Hawke Sport Optics XB Multi-Purpose: A Bearing Arms Scope Review

Let’s get the disclaimers out of the way first: I consider Trent Marsh, the Brand Development & Communications Manager at Hawke Sport Optics, one of the really good guys in the shooting sports industry. We make sure to catch up whenever we’re in the same town, we bust each other’s chops on a regular basis, and generally get along famously both in real life and online. I’ve even bullied him into contributing a few articles here at Bearing Arms from time to time.


Consider this your warning up front that I might have a personal bias towards wanting to like the product under review, the Hawke Sport Optics XB Multi-Purpose Scope.


It also might help to explain the Hawke brand before we go much further, since it is a relatively new brand to the United States.

To condense their story as much as possible, Hawke Sport Optics is a U.K.-based company that has been in the optics business for 30 years in Europe, where they make a full line of optics including spotting scopes, binoculars, rifle scopes, crossbow scopes, game cameras, night vision gear, etc.  Here in the U.S. they sell most of the same things, with the addition of a line of slug-gun scopes for shotgun hunters that we’ll likely review at some point in the future.

Now, where were we?

The Hawke Optics XB Multi-Purpose Scope is a zero-magnification (1x) scope with a 1″ tube and generous eye relief.  It was originally designed for crossbows, but works great on shotguns and for close-range/utility work with rifles.

I ended up with the XB Multi-Purpose because I whined to Trent about how my eyes aren’t working as well with iron sights now that middle-age is upon me, but that I didn’t always want or need magnification, either. Whether shooting an lever-action or bolt-gun in thick brush during deer season, or shooting an AR-15 at the range or in self-defense, a zero-magnification scope with good eye relief is what I generally want.


At the same time, while red-dots are all the rage among both the tactical and tacticool, I preferred the fail-safe of an optic that works just as well when the batteries die… and I don’t like spending a dump-truck load of money on “bombproof,” military-grade optics (donations, however, are gratefully accepted). At $129, the XB Multi-Purpose was hitting all the right notes for me.

When the XB arrived, I was impressed by the simplicity of the reticle.


It didn’t obscure targets downrange with too-thick posts (my only complaint with the #4-style reticle) , and the top crosshair, when sighted dead-on at 25 yards on my Templar Custom MCWS shooting 55-grain .223 Remington out of an 18″ barrel, is also accurate at 339 yards, according to Hawke’s free ballistics software. It’s great rig for any two-legged or four-legged problems that one might encounter at the sort of distances I might ever run across in the wooded rolling hills around my home.

The smaller, bottom crosshair is more useful in the scope’s original role as a crossbow scope… I honesty didn’t see any need to use it for my purposes, although you can use the software at the link above to best figure out how to employ it as part of a bullet-drop compensation system.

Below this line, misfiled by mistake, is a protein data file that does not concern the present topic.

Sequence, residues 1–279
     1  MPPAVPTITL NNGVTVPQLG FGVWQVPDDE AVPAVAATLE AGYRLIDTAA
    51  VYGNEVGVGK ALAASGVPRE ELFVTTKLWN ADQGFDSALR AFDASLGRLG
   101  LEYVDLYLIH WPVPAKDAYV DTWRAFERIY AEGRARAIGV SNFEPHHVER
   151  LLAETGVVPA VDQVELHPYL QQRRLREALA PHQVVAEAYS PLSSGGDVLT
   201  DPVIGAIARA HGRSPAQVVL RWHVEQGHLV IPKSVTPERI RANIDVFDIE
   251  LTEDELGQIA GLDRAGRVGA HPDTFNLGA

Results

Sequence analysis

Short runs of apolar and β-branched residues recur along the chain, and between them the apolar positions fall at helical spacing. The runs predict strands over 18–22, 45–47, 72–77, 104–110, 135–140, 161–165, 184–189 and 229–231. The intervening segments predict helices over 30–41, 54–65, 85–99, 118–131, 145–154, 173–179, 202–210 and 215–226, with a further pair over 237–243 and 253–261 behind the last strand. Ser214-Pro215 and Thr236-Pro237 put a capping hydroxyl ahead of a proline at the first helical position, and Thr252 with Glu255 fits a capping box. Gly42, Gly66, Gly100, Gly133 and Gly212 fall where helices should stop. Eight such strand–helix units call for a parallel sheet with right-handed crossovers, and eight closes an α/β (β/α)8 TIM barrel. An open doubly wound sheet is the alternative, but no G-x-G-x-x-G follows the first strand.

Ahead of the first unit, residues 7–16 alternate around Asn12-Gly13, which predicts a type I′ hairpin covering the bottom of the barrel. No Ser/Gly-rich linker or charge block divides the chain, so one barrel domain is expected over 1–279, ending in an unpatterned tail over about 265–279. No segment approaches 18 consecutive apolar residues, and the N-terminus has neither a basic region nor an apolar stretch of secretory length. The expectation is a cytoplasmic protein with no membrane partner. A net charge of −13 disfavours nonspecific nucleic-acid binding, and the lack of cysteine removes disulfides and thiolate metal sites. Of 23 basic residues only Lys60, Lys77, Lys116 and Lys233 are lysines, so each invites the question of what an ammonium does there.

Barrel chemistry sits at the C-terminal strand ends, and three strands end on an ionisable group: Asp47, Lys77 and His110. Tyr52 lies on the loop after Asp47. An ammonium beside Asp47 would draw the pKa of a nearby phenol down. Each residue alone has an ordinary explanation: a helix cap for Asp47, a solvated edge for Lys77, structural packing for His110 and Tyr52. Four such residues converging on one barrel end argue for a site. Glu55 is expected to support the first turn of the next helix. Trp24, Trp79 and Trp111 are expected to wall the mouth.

You’ll note that the Hawke XB multi-purpose reticle’s crosshairs can be illuminated in either red or green illumination to five levels of brightness, which you can chose using the reticle brightness control knob on the left side of the scope. The scope uses a common CR2032 “coin” battery, which can be replaced by simply unscrewing the threaded battery compartment on the outside of the reticle brightness control knob.


hawke optics 1x32

You’ll note that the Hawke XB multi-purpose reticle adjustment turrets (below) on the top and right side of the scope have protective caps on them so that you won’t accidentally bump them and knock the rifle out of zero. They simply screw on and off. The adjustments are 1/2 MOA (minutes of angle), which is perfect for this kind of optic. Hawke 1x32 2

Of course, there is always the importance of having a certain sort of “cool factor” associated with choosing an optic. You want one that performs as expected, but which doesn’t make you look like a dork.

I think the Hawk XB Multi-Purpose does a good job in that regard as well, comfortably mounted on my MCWS and balanced on a very functional (if not entirely matching) rifleman’s rig.

rifleman's rig 2

Unlike some of the more contemporary 1x sights and red-dots, the Hawke XB’s traditional scope profile also looks at home on a slug-gun, lever -action rifles, bolt-action rifles, and of course, the crossbows for which it was originally designed.

rifleman's rig 3

Is it a perfect optic? Of course not. While the made-in-China optics industry (and let’s face the reality head-on that most affordable optics are made in China or Japan) is getting better by leaps and bounds and the glass quality on this scope is really good, it isn’t going to be on par with an optic costing five to ten times as much.

That allowed, we’re talking about a scope that can seamlessly transition from rifle to shotgun to crossbow and back again, and serve admirably in each role for an MSRP of $129.99 (plus shipping). It can be found for ten bucks less than that from any number of retail vendors. It also comes with a transferable limited lifetime warranty.


For the money, you really can’t go wrong with the Hawke XB Multi-Purpose Scope as a good all-arounder. While it may not be the “ultimate” at anything, it does many things well at a price-point that’s hard to beat.

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